Unfortunately, power imbalances exist in every walk of life: personal relationships, home, school, neighborhood, business/work, church, and politics. And, they’re presented in many shapes and forms: sexual, racial, financial, positional, or hierarchal authority and/or religious leadership. Regardless of arena or form, it is wrong on so many levels when power is used improperly to manipulate, coerce or destroy another for one’s own benefit .
So in the world of Christian conflict resolution, we ought not assume equality between the contending parties. We must strive to provide an even-handed process and ensure equality between parties. This may be as simple as adding a qualified woman to a male dominated panel.
Imperative to the work of Christian conciliation is making a true effort to provide a compassionate, fair, and reasoned process. Being informed requires sensitivity to the ability of one party to intimidate or silence another. It would be wise to provide, in advance, a questionnaire or screening for abusive behaviors. When questioning someone, do not ignore the indicators. Oftentimes, a truly abused person will not tell a linear story. They may have forgotten, or buried a memory that is still too painful. They may suffer from PTSD and react strongly when a particular sensitivity is triggered. Seek the truth. We ought to be trauma-informed, perceptive listeners. Ask questions that will gather important and significant information. It is imperative to the work of Christian conciliation and that we make every effort to provide a compassionate, fair, equitable and reasoned process. The unique sensitivities of skilled women are a bonus to the equation. At times, women have been instrumental in controlling the course of events.
When an imbalance is identified, determine the risks. Is there any danger of physical, emotional, or financial harm? If we fail to be reasonably informed and evaluate the potential issues, the harm to the receiving party may be irreparable. Serving as a female advocate for women involved in legal disputes or charges before a tribunal, there have been times when I have needed to hire private security because of palpable threats to their lives. Often, the dangerous party appears before the tribunal as if he or she is not a threat of any kind. Without supporting testimony, the threatening party has often been considered credible. In one of my cases, the craft of deception had developed to the point of presenting as another personality.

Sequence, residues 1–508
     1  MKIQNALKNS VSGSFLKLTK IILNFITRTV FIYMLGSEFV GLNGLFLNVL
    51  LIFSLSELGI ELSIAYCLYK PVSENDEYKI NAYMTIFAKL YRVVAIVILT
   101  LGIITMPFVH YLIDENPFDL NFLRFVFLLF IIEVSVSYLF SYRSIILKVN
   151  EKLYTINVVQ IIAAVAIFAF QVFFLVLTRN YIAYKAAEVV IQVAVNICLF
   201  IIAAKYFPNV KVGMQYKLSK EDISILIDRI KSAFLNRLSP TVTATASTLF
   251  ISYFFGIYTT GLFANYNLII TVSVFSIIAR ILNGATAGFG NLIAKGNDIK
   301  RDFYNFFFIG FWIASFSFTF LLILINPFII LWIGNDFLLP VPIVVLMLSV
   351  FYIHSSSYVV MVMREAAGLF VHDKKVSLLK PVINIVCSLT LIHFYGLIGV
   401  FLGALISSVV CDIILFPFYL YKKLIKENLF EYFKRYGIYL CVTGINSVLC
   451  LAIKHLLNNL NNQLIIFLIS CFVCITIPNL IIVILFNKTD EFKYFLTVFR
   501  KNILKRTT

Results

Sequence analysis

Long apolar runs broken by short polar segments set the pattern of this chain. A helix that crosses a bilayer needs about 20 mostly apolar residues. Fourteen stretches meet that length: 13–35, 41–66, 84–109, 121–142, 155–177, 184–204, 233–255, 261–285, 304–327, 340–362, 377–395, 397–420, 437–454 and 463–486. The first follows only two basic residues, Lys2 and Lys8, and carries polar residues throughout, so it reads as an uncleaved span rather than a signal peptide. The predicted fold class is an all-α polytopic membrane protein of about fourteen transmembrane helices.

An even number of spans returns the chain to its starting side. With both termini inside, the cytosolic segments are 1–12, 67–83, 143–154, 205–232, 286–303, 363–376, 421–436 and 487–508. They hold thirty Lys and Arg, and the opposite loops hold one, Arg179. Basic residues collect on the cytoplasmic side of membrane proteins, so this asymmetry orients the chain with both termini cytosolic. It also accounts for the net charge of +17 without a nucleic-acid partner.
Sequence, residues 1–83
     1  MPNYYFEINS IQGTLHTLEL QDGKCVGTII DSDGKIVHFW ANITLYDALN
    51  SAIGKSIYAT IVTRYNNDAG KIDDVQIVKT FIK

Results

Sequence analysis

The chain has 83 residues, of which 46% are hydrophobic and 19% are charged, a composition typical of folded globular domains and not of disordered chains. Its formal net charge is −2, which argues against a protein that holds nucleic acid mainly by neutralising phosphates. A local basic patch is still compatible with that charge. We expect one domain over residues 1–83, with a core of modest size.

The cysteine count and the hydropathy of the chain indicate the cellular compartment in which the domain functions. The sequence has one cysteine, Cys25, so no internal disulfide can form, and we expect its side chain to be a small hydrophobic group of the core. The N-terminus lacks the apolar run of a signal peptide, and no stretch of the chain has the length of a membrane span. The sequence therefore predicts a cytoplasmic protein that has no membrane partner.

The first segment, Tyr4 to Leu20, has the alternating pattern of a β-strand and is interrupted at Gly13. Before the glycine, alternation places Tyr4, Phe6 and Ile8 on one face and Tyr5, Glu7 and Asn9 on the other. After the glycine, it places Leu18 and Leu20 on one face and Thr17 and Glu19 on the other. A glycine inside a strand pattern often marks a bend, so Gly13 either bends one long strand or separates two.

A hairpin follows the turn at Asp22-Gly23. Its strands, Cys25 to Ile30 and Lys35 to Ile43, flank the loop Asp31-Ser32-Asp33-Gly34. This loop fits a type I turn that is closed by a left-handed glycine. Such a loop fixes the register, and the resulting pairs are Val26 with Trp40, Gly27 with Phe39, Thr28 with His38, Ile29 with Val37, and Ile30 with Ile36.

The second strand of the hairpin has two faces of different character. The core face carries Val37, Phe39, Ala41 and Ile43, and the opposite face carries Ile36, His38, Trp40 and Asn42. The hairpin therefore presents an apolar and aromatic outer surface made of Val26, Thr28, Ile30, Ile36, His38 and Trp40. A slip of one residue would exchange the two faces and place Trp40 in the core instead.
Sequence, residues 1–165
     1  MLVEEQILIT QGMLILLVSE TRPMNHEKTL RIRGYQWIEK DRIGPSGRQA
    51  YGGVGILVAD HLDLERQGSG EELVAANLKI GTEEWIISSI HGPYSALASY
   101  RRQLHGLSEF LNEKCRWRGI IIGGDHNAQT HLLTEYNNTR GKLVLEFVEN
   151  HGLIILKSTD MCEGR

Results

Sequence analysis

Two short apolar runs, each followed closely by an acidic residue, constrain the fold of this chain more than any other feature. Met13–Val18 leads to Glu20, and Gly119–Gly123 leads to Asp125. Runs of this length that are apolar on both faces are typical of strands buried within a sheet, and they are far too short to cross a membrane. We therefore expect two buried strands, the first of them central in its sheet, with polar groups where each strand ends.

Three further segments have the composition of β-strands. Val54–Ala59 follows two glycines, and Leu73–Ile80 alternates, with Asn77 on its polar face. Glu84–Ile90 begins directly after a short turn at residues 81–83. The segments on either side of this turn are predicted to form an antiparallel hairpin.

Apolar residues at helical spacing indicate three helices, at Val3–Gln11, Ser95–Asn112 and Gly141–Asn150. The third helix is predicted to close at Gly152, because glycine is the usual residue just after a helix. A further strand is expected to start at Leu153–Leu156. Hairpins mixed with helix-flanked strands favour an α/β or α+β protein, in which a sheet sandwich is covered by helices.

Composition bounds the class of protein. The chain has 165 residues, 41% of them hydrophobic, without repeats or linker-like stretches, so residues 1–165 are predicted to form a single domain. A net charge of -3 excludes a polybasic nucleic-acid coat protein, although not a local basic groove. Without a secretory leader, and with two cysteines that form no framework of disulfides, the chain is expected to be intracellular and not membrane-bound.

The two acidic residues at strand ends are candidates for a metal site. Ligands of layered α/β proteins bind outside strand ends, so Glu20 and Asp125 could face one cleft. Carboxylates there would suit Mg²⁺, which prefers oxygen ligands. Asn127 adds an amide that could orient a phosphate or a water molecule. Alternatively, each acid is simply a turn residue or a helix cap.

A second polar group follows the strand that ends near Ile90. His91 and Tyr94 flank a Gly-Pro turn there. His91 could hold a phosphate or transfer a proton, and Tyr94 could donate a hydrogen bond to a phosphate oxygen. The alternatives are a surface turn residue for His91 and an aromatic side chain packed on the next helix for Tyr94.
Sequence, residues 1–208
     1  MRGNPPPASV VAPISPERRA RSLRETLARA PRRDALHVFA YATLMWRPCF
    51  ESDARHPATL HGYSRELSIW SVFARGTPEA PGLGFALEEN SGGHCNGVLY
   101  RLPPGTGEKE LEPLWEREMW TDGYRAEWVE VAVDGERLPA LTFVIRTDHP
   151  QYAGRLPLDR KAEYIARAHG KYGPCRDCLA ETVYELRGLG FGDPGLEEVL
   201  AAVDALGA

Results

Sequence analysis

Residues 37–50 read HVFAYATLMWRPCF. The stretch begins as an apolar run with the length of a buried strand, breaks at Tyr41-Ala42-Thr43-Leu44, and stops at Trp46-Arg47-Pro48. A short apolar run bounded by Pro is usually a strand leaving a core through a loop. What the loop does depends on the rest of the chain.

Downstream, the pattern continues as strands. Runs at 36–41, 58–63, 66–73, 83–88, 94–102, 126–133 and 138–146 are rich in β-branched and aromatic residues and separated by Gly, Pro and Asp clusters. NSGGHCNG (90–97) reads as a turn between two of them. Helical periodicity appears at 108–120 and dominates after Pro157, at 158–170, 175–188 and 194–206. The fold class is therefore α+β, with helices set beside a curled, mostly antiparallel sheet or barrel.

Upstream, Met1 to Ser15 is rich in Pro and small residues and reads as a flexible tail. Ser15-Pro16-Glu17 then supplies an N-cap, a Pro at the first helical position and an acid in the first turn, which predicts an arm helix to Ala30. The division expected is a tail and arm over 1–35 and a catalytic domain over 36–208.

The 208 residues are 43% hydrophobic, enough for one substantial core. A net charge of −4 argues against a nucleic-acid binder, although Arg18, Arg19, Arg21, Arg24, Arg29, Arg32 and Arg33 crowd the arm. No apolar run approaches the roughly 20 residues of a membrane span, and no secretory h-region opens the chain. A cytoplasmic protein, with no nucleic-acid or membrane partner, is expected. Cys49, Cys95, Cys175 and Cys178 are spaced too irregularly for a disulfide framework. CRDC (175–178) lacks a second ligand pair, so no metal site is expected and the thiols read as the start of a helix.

The heartbeat of Christian conciliation must be rooted in truth and righteousness. We are all aware that power can be used for good purposes — healing, restoring, forgiving. Or, it can be wielded as a weapon of destruction. When an imbalance is identified, be smart. Calculate the potential risks. Create a management and safety plan appropriate to quash any unfair treatment against the disadvantaged party. Think it through. Would it be better for the parties to seek justice through the court systems? If so, make that recommendation and provide options to consider for security. The goal ought to be to provide a reasoned, fair and balanced process.
In conclusion, it is incumbent upon us to evaluate the best options for protecting a disadvantaged party. Do not hesitate to bring a trained and skilled woman to the table. Their observation and listening skills are often tuned into a different wavelength than a man’s. When the dispute resolution forum or tribunal provides a measure of physical and emotional safety and security, it creates a remarkable opportunity for a fair and just resolution to the conflict. That is our goal. ♦
Ann D. Carey has been licensed and practiced law before the bench and jury in six states, federal and appellate courts. Two of her cases have gone to the Delaware Supreme Court and one to the U.S. Supreme Court. She has also been Certified in Christian Counseling, Conciliation and Alternative Dispute Resolution. Ann has served as a mediator/arbitrator for more than 33 years serving state court systems, the legal, professional and Christian community.
Carey, Ann. “Power Imbalance in the Christian Conciliation Process.” Canopy Forum, June 17, 2022. https://canopyforum.org/2022/06/17/power-imbalance-in-the-christian-conciliation-process